Later this month - specifically, September 23 to 29 - the medical and caregiving communities will observe Fall Prevention Awareness Week. This is important because in the United States alone, more than one in four older adults fall each year. And the estimated medical cost of these falls across the healthcare system is $50 billion annually.
This is an incredible cost and a high number of people who are at risk of suffering from an injury. And these numbers have driven experts to study falls in-depth in the last decade, in an effort to improve fall prevention and care.
Studies have been revealing, even finding that treatment of fall risk factors may reduce the risk of falls by 9 – 20%. However, there’s a catch: a lack of knowledge of fall risk factors can also be viewed as a risk factor for falls. In other words, without proper knowledge of fall risks, caregivers are likely to fall short on caring for those at risk of suffering from a fall.
To date, common interventions for those at risk (i.e. who struggle with balance, who suffer from chronic illness or pain, live with vision impairment, etc.) include strength and balance training, sufficient intake of vitamin D and calcium, and smoking cessation. But we can do more. We can, and should, identify people who are at a higher risk of falling due to additional factors. We should then treat their factors.
Including hearing loss.
Why Does Hearing Loss Affect Our Standing And Balance?
Our ability to hear and our ability to stand are both things we tend to take for granted - and seem like very distinct abilities. Yet researchers have repeatedly observed an association between hearing loss and falls. Why?
One possible reason is that a dysfunction in either the cochlear organ (which receives sound) or the vestibular sense organs (which are necessary for balance) may affect the other by association. This is possible because they share a location within the bony labyrinth of the inner ear.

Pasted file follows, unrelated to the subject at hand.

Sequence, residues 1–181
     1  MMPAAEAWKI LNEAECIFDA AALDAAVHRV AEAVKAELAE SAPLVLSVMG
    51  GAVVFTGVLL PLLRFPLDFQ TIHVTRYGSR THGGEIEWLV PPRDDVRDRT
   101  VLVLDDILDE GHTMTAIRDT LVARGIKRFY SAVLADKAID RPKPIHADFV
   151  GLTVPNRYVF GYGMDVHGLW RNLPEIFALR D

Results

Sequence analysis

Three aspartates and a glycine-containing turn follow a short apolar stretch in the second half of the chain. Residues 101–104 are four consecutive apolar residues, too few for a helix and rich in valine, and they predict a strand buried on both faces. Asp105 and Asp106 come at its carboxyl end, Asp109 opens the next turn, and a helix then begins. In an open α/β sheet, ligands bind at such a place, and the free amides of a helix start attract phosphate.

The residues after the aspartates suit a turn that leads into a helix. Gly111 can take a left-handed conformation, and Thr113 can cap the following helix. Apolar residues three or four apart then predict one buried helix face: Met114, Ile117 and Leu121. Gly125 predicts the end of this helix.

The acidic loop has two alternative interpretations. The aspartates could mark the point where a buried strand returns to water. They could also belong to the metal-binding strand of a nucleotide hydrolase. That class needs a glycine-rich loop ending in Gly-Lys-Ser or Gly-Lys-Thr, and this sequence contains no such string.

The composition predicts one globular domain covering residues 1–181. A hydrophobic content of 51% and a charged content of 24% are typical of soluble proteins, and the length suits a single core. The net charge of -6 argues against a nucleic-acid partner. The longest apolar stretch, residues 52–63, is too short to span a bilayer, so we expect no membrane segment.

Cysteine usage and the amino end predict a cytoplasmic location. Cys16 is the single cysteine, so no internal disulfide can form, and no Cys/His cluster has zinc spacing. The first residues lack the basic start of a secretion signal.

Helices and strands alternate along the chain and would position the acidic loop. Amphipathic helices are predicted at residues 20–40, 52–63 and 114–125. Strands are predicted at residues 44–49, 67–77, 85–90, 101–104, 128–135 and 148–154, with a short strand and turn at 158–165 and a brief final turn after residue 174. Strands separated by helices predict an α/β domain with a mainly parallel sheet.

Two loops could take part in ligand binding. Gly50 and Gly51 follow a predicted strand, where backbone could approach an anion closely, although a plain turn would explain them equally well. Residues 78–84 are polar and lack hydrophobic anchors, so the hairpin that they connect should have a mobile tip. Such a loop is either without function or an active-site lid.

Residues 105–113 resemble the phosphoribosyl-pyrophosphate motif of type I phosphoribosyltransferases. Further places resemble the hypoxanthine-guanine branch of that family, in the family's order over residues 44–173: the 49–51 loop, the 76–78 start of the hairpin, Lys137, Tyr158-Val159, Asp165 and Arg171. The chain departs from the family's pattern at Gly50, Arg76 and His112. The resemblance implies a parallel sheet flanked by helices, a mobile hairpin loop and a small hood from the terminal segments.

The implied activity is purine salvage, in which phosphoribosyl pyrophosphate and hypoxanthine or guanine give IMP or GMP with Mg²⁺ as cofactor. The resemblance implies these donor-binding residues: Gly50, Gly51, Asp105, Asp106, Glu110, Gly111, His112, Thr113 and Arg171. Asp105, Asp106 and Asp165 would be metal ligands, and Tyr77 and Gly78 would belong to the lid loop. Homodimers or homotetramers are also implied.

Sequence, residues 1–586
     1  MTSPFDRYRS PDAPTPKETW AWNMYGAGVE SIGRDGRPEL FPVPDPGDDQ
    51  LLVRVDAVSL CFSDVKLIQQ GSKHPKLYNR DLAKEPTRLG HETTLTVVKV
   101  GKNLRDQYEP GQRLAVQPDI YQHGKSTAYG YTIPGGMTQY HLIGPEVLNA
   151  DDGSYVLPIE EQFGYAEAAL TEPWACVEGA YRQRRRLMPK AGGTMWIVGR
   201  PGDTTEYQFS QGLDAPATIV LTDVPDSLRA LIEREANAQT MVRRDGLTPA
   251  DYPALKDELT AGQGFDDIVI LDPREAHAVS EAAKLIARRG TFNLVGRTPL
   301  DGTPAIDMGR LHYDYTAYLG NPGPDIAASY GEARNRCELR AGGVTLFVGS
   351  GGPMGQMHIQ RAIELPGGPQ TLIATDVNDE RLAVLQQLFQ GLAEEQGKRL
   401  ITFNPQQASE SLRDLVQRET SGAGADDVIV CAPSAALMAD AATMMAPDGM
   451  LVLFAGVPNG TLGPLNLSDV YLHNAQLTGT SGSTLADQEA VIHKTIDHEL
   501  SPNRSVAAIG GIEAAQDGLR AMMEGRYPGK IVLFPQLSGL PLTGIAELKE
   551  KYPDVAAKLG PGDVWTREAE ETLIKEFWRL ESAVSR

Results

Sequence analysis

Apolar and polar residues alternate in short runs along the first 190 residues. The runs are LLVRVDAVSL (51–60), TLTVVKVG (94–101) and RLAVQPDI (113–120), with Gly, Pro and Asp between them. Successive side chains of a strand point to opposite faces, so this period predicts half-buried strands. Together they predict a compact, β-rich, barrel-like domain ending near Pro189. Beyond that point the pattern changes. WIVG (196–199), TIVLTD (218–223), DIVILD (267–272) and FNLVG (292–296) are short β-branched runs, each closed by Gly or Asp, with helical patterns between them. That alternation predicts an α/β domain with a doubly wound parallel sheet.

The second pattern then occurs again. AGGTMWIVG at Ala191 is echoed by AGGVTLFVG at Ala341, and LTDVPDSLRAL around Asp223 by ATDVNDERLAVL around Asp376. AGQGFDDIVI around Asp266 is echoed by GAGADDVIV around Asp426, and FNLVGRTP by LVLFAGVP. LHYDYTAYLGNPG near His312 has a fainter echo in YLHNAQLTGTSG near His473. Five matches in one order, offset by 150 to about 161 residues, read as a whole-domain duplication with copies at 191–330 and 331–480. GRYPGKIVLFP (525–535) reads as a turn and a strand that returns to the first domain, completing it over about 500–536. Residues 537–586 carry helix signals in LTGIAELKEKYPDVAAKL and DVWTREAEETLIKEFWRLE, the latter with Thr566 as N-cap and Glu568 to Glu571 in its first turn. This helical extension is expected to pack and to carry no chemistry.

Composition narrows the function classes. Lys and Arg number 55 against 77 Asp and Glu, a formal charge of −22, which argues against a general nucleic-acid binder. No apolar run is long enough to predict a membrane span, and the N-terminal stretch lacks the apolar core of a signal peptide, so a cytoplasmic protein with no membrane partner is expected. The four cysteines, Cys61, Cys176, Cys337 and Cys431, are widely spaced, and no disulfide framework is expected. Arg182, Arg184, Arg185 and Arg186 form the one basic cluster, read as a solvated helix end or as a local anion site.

Decreased hearing sensitivity may also directly limit access to auditory cues that are needed for environmental awareness. In other words, when we can’t hear, we have a harder time orienting ourselves.
What Exactly Does Research Say About Hearing Loss And Falls?
People with mild hearing loss are 3 times more likely to have a history of falling than people with normal hearing.
This makes hearing loss a very underappreciated fall risk factor. It’s also a major factor, as those with hearing challenges may have:
- Poor posture and less balance, which detract from their ability to safely stand and walk. (Studies further show that when we take away auditory input and environment sounds, our bodies begin to sway and we lose our center of balance.)
- A reduced capacity for attention to their surroundings, due to their straining to hear.
- Less of an ability to process sensory cues that normally help with spacial orientation and hazard avoidance.
How Do We Address Hearing Loss As A Fall Risk Factor?
The good news is that while observing these issues, researchers have also found that treating hearing issues addresses the fall risk they create. Specifically, wearing hearing aids provides a significant improvement in balance and a decreased risk of falling among older adults with hearing loss.
Here’s the catch: unless patients express a specific concern about falling, many medical professionals do not conduct a full fall risk screening or evaluation. As a result, fall prevention often falls on individuals and their families - and medical experts only step in after a fall has occurred.
Hearing Unlimited, we believe primary and secondary prevention of hearing loss should be a priority when aiming to minimize falls and/or promote health and well-being among older people. If you or a family member are interested in learning more about utilizing our care services for these purposes, please please reach out to us online or by phone today. Following your first contact, we can conduct a proper hearing test and begin to make recommendations to address any hearing loss, mild or major. We can also provide more information on the association between hearing loss and falls, and help you work to avoid this serious hazard.